A new study from Public Health England is set to determine whether people exposed to Covid-10 really need to self-isolate for 10 days.
Daily coronavirus tests will be administered to as many as 40,000 people who have come in contact with someone who has tested positive for the virus, as part of research designed to gather evidence on “safe alternatives” to self-isolation for these people.
If successful, the study – conducted by the UK Health Security Agency (including Public Health England and NHS Test and Trace) – could provide evidence to help reduce the length of time people potentially exposed to the virus must isolate.
At present, any “close contact” of an infected person must spend 10 days in quarantine. But the government says it is keen to “prevent individuals from taking time off work, while allowing them to continue to participate safely in society.”
The idea is to find out if people without symptoms could undergo rapid daily lateral flow tests – like those currently done in many schools, hospitals and businesses – to see if they are infected.
According to the British Medical Journal, fears have recently been raised that negative results from lateral flow tests could cause people to be less careful, according to the British Medical Journal, with rapid self-tests likely to be less. effective in detecting positive cases than PCR tests performed in the laboratory.
The government claims that the Medicines and Health Products Regulatory Agency was involved in approving the operation of the study, and if it shows positive results, the body may be called upon to approve the testing devices. lateral flow for regular use as part of the contact tracing process. .
The procedure would see close contacts of Covid cases sent 7 days of lateral flow tests, testing themselves each morning for seven days. People who test negative and do not develop symptoms would be exempt from the legal requirement to self-isolate that day and could leave their homes to perform essential activities.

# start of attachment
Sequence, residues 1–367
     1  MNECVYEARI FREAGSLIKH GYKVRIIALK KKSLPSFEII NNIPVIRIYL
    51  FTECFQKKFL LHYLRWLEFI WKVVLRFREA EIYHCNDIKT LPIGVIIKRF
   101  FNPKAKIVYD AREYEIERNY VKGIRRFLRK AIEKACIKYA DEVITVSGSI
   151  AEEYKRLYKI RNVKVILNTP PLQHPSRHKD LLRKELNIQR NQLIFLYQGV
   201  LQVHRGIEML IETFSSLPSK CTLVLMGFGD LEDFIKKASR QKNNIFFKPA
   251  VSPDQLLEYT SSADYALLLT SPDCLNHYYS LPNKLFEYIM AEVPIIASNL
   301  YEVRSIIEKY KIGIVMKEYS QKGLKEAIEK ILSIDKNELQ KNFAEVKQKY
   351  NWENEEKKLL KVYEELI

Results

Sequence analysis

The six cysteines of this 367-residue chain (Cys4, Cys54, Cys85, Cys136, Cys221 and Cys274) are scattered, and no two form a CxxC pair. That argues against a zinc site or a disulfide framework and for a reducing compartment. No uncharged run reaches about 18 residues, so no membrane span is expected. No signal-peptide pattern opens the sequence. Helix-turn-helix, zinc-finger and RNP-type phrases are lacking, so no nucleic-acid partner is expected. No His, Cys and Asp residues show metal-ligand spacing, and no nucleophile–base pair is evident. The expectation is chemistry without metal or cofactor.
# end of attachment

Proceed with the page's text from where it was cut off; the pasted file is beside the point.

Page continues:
The government says individuals will still need to adhere to current restrictions, including following rules on hands, face and space, and that only those officially enrolled in the research study will be exempt from usual legal obligations.
Health and Social Affairs Secretary Matt Hancock said: “With about one in three people showing no symptoms, regular testing already plays a vital role in helping us regain our lost freedoms – by catching cases early. positive, helping to identify new variants and crushing any epidemic. .
“At every stage of this global pandemic, the British public have come together and made huge sacrifices – including isolating themselves when asked. This new pilot could help change the tide in our favor by providing a viable alternative to self-isolation for people who come into contact with positive Covid-19 cases, and which would allow people to continue working and living. live their life.
“Along with the phenomenal progress in our immunization rollout – with over 48 million vaccines administered to date – rapid testing is getting us back to doing the things we all love.
When launching on Sunday 9 May, the study will offer people in England identified as close contact of a positive case the opportunity to participate in the study, provided they are symptom-free, have more than 18 years old and not in full-time education.
The study will compare two approaches for routine contact testing, one group given a PCR test and asked to self-isolate for the entire 10-day period, and the second group receiving two PCR tests and 7 LFDs to be tested. daily.
Professor Isabel Oliver, director of the National Infections Service at Public Health England and head of the study, said: ‘We know isolation when you’ve been in contact with someone who has tested positive for COVID- 19 is a challenge, but it remains vitally important to stop the spread. of infection. This study will help determine if we can deploy daily testing for contacts to potentially reduce the need for self-isolation, while ensuring that chains of transmission are stopped.
“Contacts of cases have a higher risk of infection, so testing them is a very effective way to prevent the spread. This study will play an important role in our assessment of daily contact testing and how the testing approach might evolve. “